Hearing Loss & Dementia


Research by Johns Hopkins University and others has confirmed what many audiologists and physicians have long feared: there is an irrefutable link between hearing loss and cognitive decline. Initial problems such as memory loss and an inability to concentrate can worsen over time. Left untreated, this may eventually lead to dementia and other forms of severe cognitive impairment.

In the most recent study, published in 2013, 2,000 older adults (average age: 77) were tracked for a period of six years. Those who began the study with the worst hearing loss – impairment bad enough to interfere with daily conversational ability – were 24 percent more likely to see a decline in cognitive ability compared to individuals with normal hearing. A similar study published in 2011 concluded that persons with moderate hearing loss were three times as likely to develop dementia. These figures are striking and hard to refute. Though the reason for the correlation isn’t completely understood, several theories exist. It may be that the increased cognitive load the brain experiences when trying to hear properly taxes the resources that would otherwise be available for memory and concentration. Alternatively, a decrease in the brain’s “gray matter” may lead to a shrinkage in brain cells and a resulting inability to process sound. Another factor may be the social isolation many individuals with hearing loss experience; this lack of socialization has been shown to accelerate cognitive decline and dementia.

Whatever the reason, one thing is clear: hearing aids can help. Studies show that patients who treat their hearing loss with hearing devices reduce their odds of cognitive decline and, at the very least, delay the onset of dementia. Early detection is key! If you are experiencing hearing loss, it’s best to seek treatment as soon as possible in order to avoid mental deterioration. Even if you are unaware of a problem, schedule a hearing evaluation in order to make sure. Because symptoms develop slowly, many patients adjust to gradual changes in hearing without realizing there is anything wrong.

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Dementia and Hearing Loss
hearing loss and dimentia

Hearing Loss & Dementia


Research by Johns Hopkins University and others has confirmed what many audiologists and physicians have long feared: there is an irrefutable link between hearing loss and cognitive decline. Initial problems such as memory loss and an inability to concentrate can worsen over time. Left untreated, this may eventually lead to dementia and other forms of severe cognitive impairment.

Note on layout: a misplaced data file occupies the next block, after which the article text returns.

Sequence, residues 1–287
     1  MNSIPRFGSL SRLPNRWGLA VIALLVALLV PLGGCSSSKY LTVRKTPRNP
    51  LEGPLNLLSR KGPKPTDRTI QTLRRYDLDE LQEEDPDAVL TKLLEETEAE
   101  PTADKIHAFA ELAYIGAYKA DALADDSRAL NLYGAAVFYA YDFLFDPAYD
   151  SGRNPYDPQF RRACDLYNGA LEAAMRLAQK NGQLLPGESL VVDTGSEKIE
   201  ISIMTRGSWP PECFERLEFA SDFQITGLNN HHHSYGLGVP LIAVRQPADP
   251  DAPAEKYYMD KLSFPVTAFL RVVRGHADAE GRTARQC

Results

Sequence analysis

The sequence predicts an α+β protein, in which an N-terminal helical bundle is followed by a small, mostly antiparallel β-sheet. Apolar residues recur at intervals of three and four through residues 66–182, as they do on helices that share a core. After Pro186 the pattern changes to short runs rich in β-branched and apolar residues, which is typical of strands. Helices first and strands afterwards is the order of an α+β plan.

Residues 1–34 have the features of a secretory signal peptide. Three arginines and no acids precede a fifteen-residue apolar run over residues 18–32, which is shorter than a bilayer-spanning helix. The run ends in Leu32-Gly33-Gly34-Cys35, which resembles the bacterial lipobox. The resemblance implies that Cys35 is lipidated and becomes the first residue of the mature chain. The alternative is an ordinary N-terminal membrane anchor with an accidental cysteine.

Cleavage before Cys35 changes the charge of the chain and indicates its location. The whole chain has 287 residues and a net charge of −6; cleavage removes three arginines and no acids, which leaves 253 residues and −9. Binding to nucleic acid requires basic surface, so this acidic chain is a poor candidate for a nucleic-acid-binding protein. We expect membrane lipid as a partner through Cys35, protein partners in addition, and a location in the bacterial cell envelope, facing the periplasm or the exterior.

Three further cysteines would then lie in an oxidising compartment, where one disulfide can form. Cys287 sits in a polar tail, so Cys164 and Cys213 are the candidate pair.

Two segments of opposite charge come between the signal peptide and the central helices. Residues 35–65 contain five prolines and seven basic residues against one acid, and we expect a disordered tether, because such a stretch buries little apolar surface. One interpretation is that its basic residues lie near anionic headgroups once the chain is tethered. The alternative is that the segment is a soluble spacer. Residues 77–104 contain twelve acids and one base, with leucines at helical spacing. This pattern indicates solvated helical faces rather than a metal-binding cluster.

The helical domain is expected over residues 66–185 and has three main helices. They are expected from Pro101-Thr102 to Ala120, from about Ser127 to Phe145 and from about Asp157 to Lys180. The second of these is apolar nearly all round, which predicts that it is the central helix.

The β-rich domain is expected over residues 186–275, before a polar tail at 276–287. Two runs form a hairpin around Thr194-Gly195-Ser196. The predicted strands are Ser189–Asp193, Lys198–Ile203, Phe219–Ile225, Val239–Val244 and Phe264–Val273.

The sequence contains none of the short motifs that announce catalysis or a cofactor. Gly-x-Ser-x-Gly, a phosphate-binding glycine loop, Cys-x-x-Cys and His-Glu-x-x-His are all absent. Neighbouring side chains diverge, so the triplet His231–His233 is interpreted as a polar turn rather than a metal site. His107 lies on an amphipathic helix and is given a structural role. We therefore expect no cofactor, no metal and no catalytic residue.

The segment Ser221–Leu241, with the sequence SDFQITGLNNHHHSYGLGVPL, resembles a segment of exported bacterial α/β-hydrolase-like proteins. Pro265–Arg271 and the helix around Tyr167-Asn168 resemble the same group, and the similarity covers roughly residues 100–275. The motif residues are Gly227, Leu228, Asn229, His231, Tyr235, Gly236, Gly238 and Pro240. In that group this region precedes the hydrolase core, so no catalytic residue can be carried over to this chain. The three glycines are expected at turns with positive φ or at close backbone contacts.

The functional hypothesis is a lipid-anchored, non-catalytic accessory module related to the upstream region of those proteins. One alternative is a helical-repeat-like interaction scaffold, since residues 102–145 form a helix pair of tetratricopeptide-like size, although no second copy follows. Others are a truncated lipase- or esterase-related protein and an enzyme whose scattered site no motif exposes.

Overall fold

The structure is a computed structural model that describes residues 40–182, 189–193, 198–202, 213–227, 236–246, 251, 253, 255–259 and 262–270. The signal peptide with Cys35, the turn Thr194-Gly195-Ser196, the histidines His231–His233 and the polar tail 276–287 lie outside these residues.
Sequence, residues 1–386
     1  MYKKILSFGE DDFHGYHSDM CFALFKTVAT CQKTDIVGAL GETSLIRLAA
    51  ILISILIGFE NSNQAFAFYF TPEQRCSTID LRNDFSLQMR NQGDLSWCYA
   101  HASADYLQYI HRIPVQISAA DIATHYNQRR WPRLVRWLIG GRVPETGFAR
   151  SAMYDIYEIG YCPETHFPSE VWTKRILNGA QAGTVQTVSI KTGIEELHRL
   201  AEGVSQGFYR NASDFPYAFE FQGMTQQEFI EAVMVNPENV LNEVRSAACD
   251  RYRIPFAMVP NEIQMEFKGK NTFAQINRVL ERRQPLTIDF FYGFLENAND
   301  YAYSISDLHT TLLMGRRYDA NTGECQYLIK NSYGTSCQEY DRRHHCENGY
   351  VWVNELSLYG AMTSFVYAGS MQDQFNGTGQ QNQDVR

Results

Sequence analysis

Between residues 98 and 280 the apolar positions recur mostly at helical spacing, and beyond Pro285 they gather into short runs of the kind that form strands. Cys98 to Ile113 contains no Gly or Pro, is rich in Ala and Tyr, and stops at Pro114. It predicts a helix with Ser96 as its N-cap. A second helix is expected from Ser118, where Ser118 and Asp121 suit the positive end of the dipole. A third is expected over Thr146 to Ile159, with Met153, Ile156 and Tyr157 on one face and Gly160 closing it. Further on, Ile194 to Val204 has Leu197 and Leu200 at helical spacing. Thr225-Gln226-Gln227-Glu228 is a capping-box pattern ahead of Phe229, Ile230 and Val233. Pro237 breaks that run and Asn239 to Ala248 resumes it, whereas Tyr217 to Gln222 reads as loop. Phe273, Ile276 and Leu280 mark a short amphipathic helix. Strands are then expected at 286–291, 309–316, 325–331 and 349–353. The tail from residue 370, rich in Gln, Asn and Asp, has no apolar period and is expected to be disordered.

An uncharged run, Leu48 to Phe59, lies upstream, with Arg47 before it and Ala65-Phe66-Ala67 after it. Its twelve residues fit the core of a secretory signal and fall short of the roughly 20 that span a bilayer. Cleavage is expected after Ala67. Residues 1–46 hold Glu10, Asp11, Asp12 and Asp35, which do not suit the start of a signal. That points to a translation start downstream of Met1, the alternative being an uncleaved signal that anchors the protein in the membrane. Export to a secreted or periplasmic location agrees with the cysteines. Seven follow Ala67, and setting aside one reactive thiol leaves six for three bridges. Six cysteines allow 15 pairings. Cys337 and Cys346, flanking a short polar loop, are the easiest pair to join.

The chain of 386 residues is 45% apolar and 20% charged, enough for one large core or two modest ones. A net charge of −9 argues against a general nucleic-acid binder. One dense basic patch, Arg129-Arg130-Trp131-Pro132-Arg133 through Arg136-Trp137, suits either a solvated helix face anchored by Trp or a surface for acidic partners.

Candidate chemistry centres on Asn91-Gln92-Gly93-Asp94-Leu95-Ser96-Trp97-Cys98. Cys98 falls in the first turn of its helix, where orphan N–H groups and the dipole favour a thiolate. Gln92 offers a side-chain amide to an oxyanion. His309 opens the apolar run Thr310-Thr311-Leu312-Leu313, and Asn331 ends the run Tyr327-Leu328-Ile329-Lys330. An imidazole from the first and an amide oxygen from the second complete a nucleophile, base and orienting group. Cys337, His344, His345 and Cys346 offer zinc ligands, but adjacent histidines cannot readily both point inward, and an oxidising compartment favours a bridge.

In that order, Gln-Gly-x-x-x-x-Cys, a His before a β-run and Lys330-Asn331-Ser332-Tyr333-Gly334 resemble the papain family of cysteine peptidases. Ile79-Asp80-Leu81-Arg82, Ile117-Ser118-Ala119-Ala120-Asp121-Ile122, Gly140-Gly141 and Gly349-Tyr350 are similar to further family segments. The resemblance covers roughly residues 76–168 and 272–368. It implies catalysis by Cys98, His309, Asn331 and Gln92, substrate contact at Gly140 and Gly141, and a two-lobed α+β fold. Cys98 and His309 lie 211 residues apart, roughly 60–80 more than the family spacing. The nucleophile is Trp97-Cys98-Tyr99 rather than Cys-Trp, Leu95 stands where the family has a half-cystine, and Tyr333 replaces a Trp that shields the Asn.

In the most recent study, published in 2013, 2,000 older adults (average age: 77) were tracked for a period of six years. Those who began the study with the worst hearing loss – impairment bad enough to interfere with daily conversational ability – were 24 percent more likely to see a decline in cognitive ability compared to individuals with normal hearing. A similar study published in 2011 concluded that persons with moderate hearing loss were three times as likely to develop dementia. These figures are striking and hard to refute. Though the reason for the correlation isn’t completely understood, several theories exist. It may be that the increased cognitive load the brain experiences when trying to hear properly taxes the resources that would otherwise be available for memory and concentration. Alternatively, a decrease in the brain’s “gray matter” may lead to a shrinkage in brain cells and a resulting inability to process sound. Another factor may be the social isolation many individuals with hearing loss experience; this lack of socialization has been shown to accelerate cognitive decline and dementia.

Whatever the reason, one thing is clear: hearing aids can help. Studies show that patients who treat their hearing loss with hearing devices reduce their odds of cognitive decline and, at the very least, delay the onset of dementia. Early detection is key! If you are experiencing hearing loss, it’s best to seek treatment as soon as possible in order to avoid mental deterioration. Even if you are unaware of a problem, schedule a hearing evaluation in order to make sure. Because symptoms develop slowly, many patients adjust to gradual changes in hearing without realizing there is anything wrong.

Tinnitus is the sensation of hearing sounds that are not there. If you are suffering from a ringing, buzzing, whooshing or clicking in your ears, you are not alone. Over 50 million Americans report some degree of tinnitus. There are many potential causes, including head injury, medication side effects and some diseases, but tinnitus is typically the result of damage to the auditory system.

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